The strains between conservative Anglicans, the Episcopal Church, the actions of some Roman Catholic churches, the Vatican’s official teachings and the Bible’s widely held teachings on sexuality are only furthered highlighted by these most recent events in Michigan.


8 Responses to Episcopal Celebration Relocates from Roman Catholic Site Following Objections

  1. Sarah says:

    I think the big story is why was this Catholic parish even hosting it in the first place. It makes no sense. Is this Jesuit parish or something?

    • Greg says:

      You could have made your point without smearing Jesuit-run parishes.

      • Walter Pryor says:

        The Church has moved from the teachings of Christ to far. Christians are easily deceived by people using words like love, inclusion, fairness, peace, hospitality and family. Christian character is being taking advantage of by all these movements which God despises.
        God never told us to compromise His Honor by encouraging sinful behavior. Do not be deceived behind all this is satan’s demons.
        Christians love all people. But we should love God first and that means not encouraging disobedience.d

  2. William says:

    Why do these folks, from all denominations across America, not go ahead and form the LGBT Church of America? If they believe their own message, it would flourish and be the largest denomination in in short order, larger than all the others combined.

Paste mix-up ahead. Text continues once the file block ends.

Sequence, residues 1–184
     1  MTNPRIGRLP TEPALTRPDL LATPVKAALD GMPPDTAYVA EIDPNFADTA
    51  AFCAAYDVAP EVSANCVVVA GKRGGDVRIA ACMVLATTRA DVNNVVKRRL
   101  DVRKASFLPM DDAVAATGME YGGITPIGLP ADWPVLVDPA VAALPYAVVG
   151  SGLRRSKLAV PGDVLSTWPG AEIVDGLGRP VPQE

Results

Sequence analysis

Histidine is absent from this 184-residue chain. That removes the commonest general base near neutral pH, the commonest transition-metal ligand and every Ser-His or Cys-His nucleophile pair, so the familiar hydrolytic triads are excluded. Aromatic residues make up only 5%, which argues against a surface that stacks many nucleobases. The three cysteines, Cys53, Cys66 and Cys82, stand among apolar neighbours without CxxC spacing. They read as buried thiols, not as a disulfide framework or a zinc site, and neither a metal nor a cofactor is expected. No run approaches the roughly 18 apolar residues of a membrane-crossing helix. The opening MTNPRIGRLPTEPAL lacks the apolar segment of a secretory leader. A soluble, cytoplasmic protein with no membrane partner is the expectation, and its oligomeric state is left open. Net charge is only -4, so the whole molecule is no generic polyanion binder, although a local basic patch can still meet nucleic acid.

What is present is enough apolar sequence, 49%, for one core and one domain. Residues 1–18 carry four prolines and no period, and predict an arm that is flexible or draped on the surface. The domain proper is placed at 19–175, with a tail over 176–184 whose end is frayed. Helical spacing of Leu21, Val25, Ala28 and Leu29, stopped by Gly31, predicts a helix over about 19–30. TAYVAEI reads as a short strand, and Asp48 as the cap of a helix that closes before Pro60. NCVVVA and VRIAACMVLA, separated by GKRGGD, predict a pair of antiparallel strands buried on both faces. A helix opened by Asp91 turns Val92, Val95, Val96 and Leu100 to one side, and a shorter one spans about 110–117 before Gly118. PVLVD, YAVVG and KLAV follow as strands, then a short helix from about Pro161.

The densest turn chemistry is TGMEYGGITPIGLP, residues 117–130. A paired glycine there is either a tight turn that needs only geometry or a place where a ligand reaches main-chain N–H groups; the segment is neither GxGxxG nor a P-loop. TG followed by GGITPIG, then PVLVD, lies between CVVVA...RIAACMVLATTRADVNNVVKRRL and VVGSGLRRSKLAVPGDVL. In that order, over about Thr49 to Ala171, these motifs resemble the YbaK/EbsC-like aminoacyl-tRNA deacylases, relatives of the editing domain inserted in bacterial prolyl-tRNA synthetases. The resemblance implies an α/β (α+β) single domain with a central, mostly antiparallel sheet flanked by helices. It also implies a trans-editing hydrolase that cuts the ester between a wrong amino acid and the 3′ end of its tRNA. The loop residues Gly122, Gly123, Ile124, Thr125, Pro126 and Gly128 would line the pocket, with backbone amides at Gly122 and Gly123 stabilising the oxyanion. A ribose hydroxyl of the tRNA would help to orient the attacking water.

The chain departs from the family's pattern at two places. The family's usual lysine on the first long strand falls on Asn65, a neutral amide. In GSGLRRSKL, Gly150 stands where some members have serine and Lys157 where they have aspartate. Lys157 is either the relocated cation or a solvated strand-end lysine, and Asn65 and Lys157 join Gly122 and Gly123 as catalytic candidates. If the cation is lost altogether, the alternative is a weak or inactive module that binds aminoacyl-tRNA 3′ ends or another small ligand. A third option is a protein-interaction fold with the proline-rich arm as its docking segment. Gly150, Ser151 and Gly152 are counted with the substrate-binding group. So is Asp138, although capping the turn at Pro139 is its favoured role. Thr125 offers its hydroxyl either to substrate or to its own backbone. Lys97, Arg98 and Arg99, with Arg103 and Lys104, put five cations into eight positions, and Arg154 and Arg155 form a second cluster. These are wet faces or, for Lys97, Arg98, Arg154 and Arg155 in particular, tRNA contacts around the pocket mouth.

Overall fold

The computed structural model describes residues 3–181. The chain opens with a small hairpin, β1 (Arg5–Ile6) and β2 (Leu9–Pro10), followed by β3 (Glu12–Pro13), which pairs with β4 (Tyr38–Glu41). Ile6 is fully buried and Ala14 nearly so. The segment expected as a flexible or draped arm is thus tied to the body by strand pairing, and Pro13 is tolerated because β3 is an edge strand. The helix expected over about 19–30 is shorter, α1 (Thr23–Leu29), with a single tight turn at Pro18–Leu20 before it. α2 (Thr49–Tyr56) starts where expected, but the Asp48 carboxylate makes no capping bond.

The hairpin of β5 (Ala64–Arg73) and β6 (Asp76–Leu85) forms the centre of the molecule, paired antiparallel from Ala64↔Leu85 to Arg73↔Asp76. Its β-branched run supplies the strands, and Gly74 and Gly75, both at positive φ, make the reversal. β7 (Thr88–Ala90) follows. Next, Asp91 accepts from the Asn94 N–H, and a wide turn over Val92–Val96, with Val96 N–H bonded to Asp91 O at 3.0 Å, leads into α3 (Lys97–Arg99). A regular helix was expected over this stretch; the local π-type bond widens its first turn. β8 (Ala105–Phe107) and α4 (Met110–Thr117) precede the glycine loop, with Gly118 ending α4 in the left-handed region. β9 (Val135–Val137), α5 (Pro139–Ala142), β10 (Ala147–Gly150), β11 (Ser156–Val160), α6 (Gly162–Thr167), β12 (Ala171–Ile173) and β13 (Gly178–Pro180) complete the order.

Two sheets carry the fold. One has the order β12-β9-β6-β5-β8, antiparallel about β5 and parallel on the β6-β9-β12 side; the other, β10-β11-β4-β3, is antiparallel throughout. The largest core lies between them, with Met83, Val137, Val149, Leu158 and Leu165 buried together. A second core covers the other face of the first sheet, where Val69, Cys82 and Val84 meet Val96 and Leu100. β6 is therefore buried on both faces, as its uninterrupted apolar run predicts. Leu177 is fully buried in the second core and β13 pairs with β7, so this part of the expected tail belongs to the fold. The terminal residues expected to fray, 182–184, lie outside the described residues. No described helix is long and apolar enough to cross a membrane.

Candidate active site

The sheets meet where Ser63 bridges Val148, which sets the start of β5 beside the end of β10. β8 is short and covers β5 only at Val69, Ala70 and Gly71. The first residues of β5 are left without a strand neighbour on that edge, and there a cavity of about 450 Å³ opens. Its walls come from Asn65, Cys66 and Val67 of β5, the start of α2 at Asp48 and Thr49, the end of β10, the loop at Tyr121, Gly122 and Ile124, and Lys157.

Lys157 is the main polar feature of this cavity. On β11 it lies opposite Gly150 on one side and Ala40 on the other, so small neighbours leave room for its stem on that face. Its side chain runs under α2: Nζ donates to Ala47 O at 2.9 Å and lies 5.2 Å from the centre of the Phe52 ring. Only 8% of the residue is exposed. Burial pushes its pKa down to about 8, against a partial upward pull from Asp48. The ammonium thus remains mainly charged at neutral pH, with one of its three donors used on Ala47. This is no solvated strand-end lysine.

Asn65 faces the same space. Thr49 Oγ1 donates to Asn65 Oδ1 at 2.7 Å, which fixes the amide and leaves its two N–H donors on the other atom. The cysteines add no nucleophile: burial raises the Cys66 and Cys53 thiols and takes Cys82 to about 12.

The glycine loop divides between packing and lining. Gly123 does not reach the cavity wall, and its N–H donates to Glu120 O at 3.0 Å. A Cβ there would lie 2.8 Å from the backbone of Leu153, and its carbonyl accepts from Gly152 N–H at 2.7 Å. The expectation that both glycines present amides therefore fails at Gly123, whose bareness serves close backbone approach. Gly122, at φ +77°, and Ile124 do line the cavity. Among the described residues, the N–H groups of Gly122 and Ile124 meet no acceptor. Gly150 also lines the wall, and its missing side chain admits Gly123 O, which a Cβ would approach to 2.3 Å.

3. Kurt says:

    This is what gives conservatives a bad name. Since the Reformation, there have been a host of sincere and meaningful differences between the Catholic Church and Anglicanism. Accepting ecumenical hospitality despite differences regarding the sacraments, papal primacy, divorce, etc. but not lady ministers and homosexuality just makes conservative appear to have a real bug up their pants over the current political crusades.

    • JANICE BECK says:

      I certainly hope so! If more conservatives would stand up and be counted, the minority members embracing these lifestyles opposite of God’s Holy Word would not have such a prominent platform. A bug you call it? I hardly think it is that small. I’m with William on this. They should all go form their own denomination, but they won’t do that. Their real intent is to kill and destroy what God has established. People “doing what is right in their own eyes” are not interested in becoming holy.

  4. Marianne Wamboldt says:

    Wow, the rhetoric above is seeming to echo the strident blame and shame we hear from our political leaders. Did Jesus walk around blaming and shaming people? Did Jesus walk with sinners? I think no to the first question and yes to the second. We all need the help and love of Christ because we are all sinners in one way or another.

    • John Schuh says:

      A fair reading of the Gospels leads to a much more stern Jesus than you suggest. He is pretty barnacled with the Temple, with the Pharisees and scribes. The way of the Cross, the narrow way, is at odds with the modern liberal Christian message.